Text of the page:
There is a scary event that is becoming a disturbing ritual around here. The barn, with its sleeping loft, is down at the more forested part of the property. So we see lots of wildlife — most of it in the evening and most of it staying a healthy distance away from the smell of terriers. But despite Oscar’s daily attempts to mark a wide circumference around the barn as his “turf”, there is one group of animals who are challenging him for control.
Ironically, it’s the foxes. Yes, those varmints our Smooth Fox Terriers have been bred and perfected for centuries to hunt. Several hundred years ago, the Smooth Fox Terrier was cross-bred with Italian Greyhounds — to make them longer-legged, faster and sleeker than foxes. The most fearless were bred to ensure that the Smoothies would have no hesitation diving down a a fox hole and dragging out a snarling, biting fox. So fearless were Smoothies in going after their prey, tail docking was introduced so a shorter, more muscular tail would allow the hunt master to pull the terrier out of the hole without hurting him. Once a terrier got a bite on a fox, nothing the fox could do was going to make him let go.
Despite all these genetic advantages, in the rumble here between The Foxes and The Terriers, I’m not sure but what the Foxes are winning.
The battle starts during the day, when Oscar and Lucy do a wide sweep of the area around the barn looking for fox poo. Then Oscar dutifully wees on every pile — which can be translated in Terrier to “Get Off My Lawn!” But at night, the foxes mount their counter-offensive. That consists of coming out of the brush from all sides and slowly converging on the barn while yipping their eery territory-marking bark. If you have no idea of the variety and scariness of the sounds foxes can make, check out this site. Scroll down and listen to fox_territory_call.wav. That’s the sound we hear from multiple directions as a posse of foxes slowly converges on the barn.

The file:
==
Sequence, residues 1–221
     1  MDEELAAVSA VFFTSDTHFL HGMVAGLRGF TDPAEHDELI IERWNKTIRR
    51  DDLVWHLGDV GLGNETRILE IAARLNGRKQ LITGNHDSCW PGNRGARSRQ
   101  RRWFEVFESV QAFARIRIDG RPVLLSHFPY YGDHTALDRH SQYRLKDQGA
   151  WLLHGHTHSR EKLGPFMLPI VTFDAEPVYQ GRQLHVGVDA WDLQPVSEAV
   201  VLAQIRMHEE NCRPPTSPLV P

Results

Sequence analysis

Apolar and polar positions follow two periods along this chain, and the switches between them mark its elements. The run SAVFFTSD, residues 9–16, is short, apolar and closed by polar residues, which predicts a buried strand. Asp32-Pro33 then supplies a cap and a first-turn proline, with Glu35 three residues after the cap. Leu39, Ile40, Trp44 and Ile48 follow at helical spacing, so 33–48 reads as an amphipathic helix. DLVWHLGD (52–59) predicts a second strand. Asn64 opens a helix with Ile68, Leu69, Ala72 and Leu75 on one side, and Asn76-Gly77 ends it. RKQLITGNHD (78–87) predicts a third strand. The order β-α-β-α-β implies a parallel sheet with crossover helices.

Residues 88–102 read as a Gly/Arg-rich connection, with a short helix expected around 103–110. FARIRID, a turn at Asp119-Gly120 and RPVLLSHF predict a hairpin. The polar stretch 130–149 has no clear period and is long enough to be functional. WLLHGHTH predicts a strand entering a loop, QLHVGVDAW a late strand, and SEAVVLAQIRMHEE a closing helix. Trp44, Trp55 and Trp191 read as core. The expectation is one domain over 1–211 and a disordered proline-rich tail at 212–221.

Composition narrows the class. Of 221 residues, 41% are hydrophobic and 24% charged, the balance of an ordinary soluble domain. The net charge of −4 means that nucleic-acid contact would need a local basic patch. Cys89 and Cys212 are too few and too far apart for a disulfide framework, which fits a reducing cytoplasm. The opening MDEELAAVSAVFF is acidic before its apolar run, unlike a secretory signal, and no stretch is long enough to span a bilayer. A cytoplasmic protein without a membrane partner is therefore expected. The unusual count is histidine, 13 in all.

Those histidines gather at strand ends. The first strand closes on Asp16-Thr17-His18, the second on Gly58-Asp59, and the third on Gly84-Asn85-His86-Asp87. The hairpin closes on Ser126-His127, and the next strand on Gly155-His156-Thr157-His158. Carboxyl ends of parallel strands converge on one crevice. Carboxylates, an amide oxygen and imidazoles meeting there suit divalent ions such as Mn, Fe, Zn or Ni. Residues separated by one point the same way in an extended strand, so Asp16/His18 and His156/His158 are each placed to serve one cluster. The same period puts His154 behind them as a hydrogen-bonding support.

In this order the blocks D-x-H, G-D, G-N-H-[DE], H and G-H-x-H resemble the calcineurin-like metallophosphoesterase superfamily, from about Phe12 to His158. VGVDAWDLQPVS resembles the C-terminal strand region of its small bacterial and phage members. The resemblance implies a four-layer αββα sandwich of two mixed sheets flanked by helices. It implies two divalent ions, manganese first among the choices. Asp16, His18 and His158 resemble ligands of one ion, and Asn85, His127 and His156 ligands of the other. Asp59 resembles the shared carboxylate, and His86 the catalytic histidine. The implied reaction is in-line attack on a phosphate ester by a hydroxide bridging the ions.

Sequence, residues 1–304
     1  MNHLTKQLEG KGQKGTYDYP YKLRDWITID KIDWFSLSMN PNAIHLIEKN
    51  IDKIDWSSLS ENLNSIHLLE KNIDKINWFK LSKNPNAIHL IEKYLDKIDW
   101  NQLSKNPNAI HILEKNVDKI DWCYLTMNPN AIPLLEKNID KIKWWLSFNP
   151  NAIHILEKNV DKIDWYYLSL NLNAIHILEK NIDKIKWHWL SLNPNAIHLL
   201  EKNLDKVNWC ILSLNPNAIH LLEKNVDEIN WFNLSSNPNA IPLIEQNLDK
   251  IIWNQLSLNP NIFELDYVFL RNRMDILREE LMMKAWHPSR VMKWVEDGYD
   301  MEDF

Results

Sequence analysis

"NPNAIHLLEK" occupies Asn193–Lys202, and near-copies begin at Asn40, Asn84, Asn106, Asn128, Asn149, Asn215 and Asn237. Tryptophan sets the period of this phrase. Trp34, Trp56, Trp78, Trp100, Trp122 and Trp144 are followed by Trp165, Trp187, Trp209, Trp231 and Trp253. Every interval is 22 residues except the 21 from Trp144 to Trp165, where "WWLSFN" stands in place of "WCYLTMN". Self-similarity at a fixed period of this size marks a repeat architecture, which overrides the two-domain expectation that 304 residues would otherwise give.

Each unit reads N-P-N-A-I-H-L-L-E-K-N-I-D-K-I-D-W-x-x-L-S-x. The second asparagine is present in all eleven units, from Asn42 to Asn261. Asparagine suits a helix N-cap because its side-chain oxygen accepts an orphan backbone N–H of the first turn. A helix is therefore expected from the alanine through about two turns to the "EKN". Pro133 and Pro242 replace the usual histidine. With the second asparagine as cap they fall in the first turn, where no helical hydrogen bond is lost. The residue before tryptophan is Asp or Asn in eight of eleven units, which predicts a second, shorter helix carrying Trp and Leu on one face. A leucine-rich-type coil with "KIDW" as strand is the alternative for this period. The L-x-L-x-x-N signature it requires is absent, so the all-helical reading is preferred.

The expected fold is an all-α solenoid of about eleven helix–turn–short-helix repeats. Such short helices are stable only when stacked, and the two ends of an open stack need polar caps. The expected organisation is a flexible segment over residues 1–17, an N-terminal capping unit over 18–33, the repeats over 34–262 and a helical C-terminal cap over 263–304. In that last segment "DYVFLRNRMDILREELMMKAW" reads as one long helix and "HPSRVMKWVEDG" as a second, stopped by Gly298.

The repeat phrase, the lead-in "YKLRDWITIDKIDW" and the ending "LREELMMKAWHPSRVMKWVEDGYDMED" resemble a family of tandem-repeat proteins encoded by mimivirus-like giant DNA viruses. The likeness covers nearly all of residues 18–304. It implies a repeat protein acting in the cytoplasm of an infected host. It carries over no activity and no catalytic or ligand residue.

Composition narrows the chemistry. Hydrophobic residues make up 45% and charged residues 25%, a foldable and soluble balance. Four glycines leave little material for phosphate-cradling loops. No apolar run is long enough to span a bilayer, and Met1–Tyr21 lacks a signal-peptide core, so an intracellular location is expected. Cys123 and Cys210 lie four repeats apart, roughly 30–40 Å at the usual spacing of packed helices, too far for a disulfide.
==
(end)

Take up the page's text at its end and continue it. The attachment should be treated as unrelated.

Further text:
And those fearless foes of foxes, the Fox Terriers? They dive under the covers the minute the barks get too close. It’s like something out of a George Romero horror film. The zombies are surrounding the building and we’re barricaded inside with guns, ammo and ten pound bags of kibble. Luckily, just like zombies, the foxes retreat in the daytime.
However, I have seen one or two of them slinking under our fence and across the road to the undeveloped woodland. These aren’t little dachshund sized foxes. These are big hefty, bruiser foxes. One I saw had a body at least the size of Oscar’s. Which is surprising. I thought predators grew larger or smaller based on their position in the food chain. Where there are no wolves, coyotes grow bigger and move into that niche. Where wolves exist, coyotes are smaller and prey on smaller game. Well, we’ve got Mountain Lions, coyotes and bobcats, all of whom would seem to outrank the foxes. The foxes haven’t gotten the memo.
But then, this ain’t no poofy English countryside. This is the West, where the foxes are zombies.
Oh, and if you are interested in Wild Ed’s fox adventures, here’s his site. It’s worth a read. He even has links for what he calls “Predator and Varmint Hunting”. Not our taste, we’d prefer to hide under the covers.